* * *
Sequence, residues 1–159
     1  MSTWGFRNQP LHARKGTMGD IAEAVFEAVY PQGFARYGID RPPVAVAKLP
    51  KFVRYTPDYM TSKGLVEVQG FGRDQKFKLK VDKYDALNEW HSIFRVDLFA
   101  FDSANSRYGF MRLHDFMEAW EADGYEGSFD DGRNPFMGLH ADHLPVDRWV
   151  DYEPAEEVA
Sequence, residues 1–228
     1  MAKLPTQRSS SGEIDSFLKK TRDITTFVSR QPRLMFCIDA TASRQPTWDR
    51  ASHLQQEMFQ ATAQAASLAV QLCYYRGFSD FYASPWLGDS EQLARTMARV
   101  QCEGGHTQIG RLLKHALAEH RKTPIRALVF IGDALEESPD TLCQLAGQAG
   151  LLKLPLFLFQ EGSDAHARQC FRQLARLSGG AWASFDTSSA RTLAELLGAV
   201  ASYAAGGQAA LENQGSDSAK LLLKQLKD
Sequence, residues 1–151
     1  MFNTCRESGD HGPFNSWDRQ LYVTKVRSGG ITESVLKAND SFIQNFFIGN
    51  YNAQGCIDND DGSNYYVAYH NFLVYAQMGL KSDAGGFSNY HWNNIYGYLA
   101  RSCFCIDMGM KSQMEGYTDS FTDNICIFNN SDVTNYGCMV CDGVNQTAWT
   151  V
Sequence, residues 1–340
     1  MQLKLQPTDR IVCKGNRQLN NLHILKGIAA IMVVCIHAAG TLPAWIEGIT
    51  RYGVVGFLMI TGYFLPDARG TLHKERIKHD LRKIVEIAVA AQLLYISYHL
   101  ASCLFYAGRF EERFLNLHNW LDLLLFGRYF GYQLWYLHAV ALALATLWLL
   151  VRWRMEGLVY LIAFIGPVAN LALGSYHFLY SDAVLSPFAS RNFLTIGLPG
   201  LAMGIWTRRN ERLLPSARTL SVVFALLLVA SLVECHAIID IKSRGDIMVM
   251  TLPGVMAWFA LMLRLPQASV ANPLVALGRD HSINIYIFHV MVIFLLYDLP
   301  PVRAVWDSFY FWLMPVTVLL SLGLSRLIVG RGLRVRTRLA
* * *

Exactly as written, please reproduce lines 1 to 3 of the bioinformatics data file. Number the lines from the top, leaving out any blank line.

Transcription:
Sequence, residues 1–159
     1  MSTWGFRNQP LHARKGTMGD IAEAVFEAVY PQGFARYGID RPPVAVAKLP
    51  KFVRYTPDYM TSKGLVEVQG FGRDQKFKLK VDKYDALNEW HSIFRVDLFA